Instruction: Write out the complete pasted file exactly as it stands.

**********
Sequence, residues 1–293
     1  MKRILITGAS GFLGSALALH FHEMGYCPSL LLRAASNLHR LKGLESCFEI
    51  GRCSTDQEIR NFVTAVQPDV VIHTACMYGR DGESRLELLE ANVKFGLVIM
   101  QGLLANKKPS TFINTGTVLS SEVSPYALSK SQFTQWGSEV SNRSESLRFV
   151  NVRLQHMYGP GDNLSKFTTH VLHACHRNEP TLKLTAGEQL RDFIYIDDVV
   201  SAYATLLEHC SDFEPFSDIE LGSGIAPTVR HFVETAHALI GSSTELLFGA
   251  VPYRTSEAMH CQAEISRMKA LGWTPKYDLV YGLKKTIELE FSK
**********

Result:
Sequence, residues 1–293
     1  MKRILITGAS GFLGSALALH FHEMGYCPSL LLRAASNLHR LKGLESCFEI
    51  GRCSTDQEIR NFVTAVQPDV VIHTACMYGR DGESRLELLE ANVKFGLVIM
   101  QGLLANKKPS TFINTGTVLS SEVSPYALSK SQFTQWGSEV SNRSESLRFV
   151  NVRLQHMYGP GDNLSKFTTH VLHACHRNEP TLKLTAGEQL RDFIYIDDVV
   201  SAYATLLEHC SDFEPFSDIE LGSGIAPTVR HFVETAHALI GSSTELLFGA
   251  VPYRTSEAMH CQAEISRMKA LGWTPKYDLV YGLKKTIELE FSK